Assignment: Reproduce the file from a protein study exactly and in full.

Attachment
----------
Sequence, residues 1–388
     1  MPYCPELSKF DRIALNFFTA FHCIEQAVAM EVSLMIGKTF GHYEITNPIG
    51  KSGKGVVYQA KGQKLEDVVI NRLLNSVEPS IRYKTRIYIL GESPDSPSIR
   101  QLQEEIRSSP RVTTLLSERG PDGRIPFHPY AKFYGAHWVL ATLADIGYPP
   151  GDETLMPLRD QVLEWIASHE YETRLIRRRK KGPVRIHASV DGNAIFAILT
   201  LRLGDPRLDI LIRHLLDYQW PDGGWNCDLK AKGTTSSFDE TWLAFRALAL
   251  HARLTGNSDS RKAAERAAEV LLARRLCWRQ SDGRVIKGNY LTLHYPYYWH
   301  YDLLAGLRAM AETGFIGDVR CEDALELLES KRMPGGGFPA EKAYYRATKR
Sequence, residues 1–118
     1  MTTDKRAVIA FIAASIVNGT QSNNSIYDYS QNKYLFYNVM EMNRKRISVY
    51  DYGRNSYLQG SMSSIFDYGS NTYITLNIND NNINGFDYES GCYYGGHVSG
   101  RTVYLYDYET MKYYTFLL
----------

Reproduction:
Sequence, residues 1–388
     1  MPYCPELSKF DRIALNFFTA FHCIEQAVAM EVSLMIGKTF GHYEITNPIG
    51  KSGKGVVYQA KGQKLEDVVI NRLLNSVEPS IRYKTRIYIL GESPDSPSIR
   101  QLQEEIRSSP RVTTLLSERG PDGRIPFHPY AKFYGAHWVL ATLADIGYPP
   151  GDETLMPLRD QVLEWIASHE YETRLIRRRK KGPVRIHASV DGNAIFAILT
   201  LRLGDPRLDI LIRHLLDYQW PDGGWNCDLK AKGTTSSFDE TWLAFRALAL
   251  HARLTGNSDS RKAAERAAEV LLARRLCWRQ SDGRVIKGNY LTLHYPYYWH
   301  YDLLAGLRAM AETGFIGDVR CEDALELLES KRMPGGGFPA EKAYYRATKR
Sequence, residues 1–118
     1  MTTDKRAVIA FIAASIVNGT QSNNSIYDYS QNKYLFYNVM EMNRKRISVY
    51  DYGRNSYLQG SMSSIFDYGS NTYITLNIND NNINGFDYES GCYYGGHVSG
   101  RTVYLYDYET MKYYTFLL